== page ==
Currencies Stabilize After Turmoil as Omicron Panic Subsides
(Bloomberg) — The foreign-exchange market stabilized after Friday’s volatility amid signs the Omicron coronavirus variant causes only mild symptoms and vaccine reformulations against it can be achieved quickly.
Most Read from Bloomberg
- China Cash Flowed Through Congo Bank to Former President’s Cronies
- Billionaire Family Feud Puts a Century-Old Business Empire in Jeopardy
- An Arab City’s Booming Art Scene Is Also a Grab at Soft Power
The U.S. dollar rose against the yen and euro during Asian trade. The currency of South Africa, where the variant was identified, rose as much as 1.3% against the greenback, and Mexico’s peso echoed those gains. The Australian dollar advanced against the U.S. currency and yen on short-covering as part of a broader recovery in commodity currencies.
The recovery comes after investors dumped stocks, commodities and non-haven currencies after the highly mutated Omicron variant sparked international travel bans, spurring concern the fragile global economic recovery will come grinding to a halt. Investors responded by pruning expectations for Federal Reserve rate hikes, which sent Treasuries soaring.
Since then, traders have had an opportunity to assess Omicron’s impact. Symptoms have been mild so far, according to a Covid-19 adviser to South Africa. Moderna Inc. Chief Medical Officer Paul Burton said he suspects omicron may elude current vaccines and, if so, a reformulated shot could be available early next year. Still, the World Health Organization has urged caution over the new strain.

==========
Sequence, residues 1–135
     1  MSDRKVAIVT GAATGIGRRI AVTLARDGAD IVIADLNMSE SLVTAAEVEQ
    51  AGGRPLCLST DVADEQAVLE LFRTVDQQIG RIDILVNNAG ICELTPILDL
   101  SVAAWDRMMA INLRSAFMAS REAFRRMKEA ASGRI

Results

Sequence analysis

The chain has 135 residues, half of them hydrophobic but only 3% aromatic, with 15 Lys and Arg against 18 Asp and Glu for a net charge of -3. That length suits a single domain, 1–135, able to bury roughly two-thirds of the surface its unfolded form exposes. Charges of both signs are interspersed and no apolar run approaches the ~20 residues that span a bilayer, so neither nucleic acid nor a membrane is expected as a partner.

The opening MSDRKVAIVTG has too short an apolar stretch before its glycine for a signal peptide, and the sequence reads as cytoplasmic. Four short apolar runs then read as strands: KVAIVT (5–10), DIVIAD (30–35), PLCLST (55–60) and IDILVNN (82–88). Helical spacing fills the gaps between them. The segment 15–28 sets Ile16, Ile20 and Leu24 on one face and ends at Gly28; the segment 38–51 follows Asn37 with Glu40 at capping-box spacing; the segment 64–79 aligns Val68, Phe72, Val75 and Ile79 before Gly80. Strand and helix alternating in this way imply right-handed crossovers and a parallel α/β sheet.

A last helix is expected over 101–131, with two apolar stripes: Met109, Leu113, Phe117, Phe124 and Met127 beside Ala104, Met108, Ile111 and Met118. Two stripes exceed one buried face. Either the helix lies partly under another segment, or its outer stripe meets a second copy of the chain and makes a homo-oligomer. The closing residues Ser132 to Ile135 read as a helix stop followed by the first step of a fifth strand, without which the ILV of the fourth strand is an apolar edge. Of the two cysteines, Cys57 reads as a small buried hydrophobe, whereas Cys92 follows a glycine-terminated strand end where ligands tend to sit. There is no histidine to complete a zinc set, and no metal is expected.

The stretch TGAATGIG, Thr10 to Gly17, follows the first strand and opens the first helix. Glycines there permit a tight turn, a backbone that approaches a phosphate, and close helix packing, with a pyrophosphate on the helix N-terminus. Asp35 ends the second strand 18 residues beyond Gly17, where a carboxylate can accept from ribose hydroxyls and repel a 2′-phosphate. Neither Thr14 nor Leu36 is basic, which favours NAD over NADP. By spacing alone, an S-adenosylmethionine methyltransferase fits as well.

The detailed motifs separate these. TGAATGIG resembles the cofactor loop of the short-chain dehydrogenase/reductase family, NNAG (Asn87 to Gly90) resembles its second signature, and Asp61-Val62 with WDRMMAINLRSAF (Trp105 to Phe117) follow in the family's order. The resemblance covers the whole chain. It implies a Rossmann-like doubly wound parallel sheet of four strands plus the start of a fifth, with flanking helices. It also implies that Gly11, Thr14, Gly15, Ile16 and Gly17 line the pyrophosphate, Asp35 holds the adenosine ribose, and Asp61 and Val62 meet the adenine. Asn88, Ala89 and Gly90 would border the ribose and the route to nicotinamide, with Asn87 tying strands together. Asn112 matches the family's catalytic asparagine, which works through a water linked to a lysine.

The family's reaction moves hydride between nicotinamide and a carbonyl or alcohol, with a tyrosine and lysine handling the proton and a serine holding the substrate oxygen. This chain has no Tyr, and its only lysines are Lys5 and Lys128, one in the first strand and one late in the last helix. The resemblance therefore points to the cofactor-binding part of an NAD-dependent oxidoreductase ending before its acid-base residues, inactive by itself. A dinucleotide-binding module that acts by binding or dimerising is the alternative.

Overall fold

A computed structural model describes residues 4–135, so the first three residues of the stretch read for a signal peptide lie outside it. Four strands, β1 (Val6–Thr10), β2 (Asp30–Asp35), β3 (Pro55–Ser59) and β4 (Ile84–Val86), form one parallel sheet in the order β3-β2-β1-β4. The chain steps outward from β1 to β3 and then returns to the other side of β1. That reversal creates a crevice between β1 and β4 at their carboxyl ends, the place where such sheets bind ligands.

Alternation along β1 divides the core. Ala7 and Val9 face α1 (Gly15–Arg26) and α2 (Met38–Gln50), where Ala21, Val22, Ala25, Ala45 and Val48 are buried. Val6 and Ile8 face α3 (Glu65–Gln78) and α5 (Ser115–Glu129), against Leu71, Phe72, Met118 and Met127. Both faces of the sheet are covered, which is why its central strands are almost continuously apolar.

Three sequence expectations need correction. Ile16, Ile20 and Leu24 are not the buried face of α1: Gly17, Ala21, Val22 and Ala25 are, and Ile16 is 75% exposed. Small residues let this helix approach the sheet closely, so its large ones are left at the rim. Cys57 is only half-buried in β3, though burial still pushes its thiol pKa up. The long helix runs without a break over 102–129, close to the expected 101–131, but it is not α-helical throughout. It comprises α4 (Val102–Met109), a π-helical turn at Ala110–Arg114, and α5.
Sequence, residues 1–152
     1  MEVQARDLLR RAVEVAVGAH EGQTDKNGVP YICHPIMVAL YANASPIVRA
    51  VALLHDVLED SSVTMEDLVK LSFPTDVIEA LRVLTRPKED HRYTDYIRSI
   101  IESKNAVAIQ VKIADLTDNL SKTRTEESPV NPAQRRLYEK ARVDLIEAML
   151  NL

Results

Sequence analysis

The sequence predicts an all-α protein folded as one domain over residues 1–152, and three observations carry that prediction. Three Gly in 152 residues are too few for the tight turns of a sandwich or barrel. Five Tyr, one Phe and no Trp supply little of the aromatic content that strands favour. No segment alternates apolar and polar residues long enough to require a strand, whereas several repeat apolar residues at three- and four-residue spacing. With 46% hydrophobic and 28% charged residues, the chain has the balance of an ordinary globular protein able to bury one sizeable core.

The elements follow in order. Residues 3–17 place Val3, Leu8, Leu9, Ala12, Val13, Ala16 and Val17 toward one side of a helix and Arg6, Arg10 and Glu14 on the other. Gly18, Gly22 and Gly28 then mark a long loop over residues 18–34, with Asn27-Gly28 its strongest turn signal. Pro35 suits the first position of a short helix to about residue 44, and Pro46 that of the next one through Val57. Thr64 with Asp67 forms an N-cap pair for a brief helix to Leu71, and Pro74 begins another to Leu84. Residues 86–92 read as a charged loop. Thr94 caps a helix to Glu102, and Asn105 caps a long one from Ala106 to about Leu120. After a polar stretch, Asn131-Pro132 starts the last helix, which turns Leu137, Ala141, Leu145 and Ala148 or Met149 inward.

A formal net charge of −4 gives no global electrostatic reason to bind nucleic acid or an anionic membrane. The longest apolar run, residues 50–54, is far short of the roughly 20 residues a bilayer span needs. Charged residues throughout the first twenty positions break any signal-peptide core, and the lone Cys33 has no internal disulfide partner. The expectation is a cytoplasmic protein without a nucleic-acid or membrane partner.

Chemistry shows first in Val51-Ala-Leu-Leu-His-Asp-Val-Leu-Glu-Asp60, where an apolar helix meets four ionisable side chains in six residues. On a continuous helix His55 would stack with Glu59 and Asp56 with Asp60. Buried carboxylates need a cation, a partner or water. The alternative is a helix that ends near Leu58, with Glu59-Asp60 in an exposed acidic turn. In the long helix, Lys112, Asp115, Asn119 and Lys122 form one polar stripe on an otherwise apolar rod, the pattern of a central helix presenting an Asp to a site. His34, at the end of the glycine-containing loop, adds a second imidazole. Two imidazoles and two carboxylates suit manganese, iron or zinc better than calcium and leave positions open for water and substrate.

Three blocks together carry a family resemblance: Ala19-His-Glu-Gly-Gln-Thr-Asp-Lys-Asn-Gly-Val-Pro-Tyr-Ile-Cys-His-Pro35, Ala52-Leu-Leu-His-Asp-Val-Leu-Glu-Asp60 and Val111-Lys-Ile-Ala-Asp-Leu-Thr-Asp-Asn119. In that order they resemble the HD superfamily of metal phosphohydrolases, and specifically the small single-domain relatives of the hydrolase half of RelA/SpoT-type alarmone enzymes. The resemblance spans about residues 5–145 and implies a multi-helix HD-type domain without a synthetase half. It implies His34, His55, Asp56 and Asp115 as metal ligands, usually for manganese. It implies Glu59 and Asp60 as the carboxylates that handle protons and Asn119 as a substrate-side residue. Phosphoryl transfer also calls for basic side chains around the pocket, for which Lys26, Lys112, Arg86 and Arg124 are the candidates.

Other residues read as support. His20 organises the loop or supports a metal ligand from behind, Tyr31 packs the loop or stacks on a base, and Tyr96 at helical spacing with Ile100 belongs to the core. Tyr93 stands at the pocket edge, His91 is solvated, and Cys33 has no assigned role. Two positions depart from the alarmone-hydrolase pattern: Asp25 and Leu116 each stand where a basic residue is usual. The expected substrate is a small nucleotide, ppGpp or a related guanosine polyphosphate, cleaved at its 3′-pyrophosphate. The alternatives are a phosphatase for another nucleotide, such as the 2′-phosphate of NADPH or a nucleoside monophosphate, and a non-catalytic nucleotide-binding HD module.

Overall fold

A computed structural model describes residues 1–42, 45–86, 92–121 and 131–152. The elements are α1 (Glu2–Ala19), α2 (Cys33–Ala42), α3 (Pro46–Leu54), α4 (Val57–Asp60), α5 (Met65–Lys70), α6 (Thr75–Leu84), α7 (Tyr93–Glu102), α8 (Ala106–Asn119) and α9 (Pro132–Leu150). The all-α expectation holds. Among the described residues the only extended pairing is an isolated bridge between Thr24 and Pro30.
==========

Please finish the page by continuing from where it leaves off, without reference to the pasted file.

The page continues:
Latest on the virus: WHO Says Too Early to Understand Omicron Severity: Virus Update
Evidence is growing Omicron already entered many countries. The 13 cases identified in the Netherlands on Sunday suggest it has a foothold in Europe. It will “inevitably” arrive in the U.S., Anthony Fauci said, and that Americans should get vaccines and boosters as prevention.
On Friday, MSCI Inc.’s benchmark for global stocks tumbled the most in 13 months, oil slid 13%, and 10-year Treasury yields fell by the most since the March 2020 rout sparked by the original outbreak.
That selloff saw the CBOE Volatility Index known as the U.S. fear gauge jump the most since January, while emerging-market stocks witnessed the biggest slump since February. A JPMorgan Chase & Co. gauge of global currency volatility increased the most since March 2020. Treasuries declined in Asian hours on Monday, with the 10-year yield up five basis points to 1.53%.